Melanie with Karen Coffey

Exploring Underground Railroad Stations in Liberty, Indiana

(Written January 2009)

This week I’ve been researching for my historical novel set in Liberty, Indiana. The story is about a Quaker woman who ran a station on the Underground Railroad so the past few days I’ve been living at the beautiful Carriage Lamp B & B in Liberty and immersing myself in what life would have been like here in 1850.

Liberty is a special place, steeped in history, and the people of Liberty have a beautiful heritage of ancestors who fought quietly for freedom by risking their lives to harbor runaway slaves on their way to freedom in Canada before the Civil War.

I’ve explored old cemeteries and waterways, crawled into secret rooms and hiding places, learned how to cook on an open hearth, hiked along a canal path, read mounds of old articles, and met some amazing people who have opened up their homes and family history for me.

A special thanks to Karen Coffey, researcher extraordinaire at the Liberty Public Library, who opened up doors and gave me a personal tour of the area as well as an incredible amount of information about her family and the history of the Underground Railroad in Liberty.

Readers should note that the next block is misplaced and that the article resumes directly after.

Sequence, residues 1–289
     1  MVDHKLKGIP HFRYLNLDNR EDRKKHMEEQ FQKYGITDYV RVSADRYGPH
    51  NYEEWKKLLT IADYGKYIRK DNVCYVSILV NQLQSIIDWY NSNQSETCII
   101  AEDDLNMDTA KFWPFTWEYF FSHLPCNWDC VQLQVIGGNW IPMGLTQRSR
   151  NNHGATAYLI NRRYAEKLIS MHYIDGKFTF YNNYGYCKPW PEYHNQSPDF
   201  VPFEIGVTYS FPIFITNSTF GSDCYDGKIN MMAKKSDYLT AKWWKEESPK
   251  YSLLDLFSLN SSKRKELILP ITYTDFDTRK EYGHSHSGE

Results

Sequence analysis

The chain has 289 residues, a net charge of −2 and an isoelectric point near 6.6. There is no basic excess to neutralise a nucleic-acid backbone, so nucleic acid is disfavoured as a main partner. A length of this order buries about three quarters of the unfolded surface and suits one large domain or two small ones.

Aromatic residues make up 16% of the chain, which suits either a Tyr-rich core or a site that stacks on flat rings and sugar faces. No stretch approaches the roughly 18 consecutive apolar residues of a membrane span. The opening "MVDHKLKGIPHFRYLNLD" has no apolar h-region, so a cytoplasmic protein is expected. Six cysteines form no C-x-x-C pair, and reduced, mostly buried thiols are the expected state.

My sister said that what I’m doing sounds too much like writing a research paper, but I reminded her that I used to like writing research papers!

Here are some of the almost 300 pictures I’ve taken:

LIberty's Quaint Downtown
The Wonderful Logue Family. Their Home Was a Major Station on the UR with Hiding Places in Floor, Closet, Staircase, Dumbwaiter.
Entrance to Logue’s Attic Was Through a Closet and Rope Ladder If They Saw Slave Hunters Approaching, The Runaways Could Climb Through a Trapdoor in Roof, Down an Exterior Ladder, and Race into The Woods Out Back
Levi Coffin’s Home, “The President of the Underground Railroad”
Secret Door in Levi Coffin’s Home Runaway Slaves Would Hide in Garret, Bed Would Hide Door
Hiding Place in Levi Coffin's Home
Runaway Slaves Were Hidden and Transported under the False Bottom of This Wagon
The Huddleston House Was Filled with 19th Century Relics
Quaker Carriage from 1830s
Anna (my main character) Lives on a Creek Just Like This
Indoor Well and Springhouse
Karen Coffey, Researcher Extraordinaire

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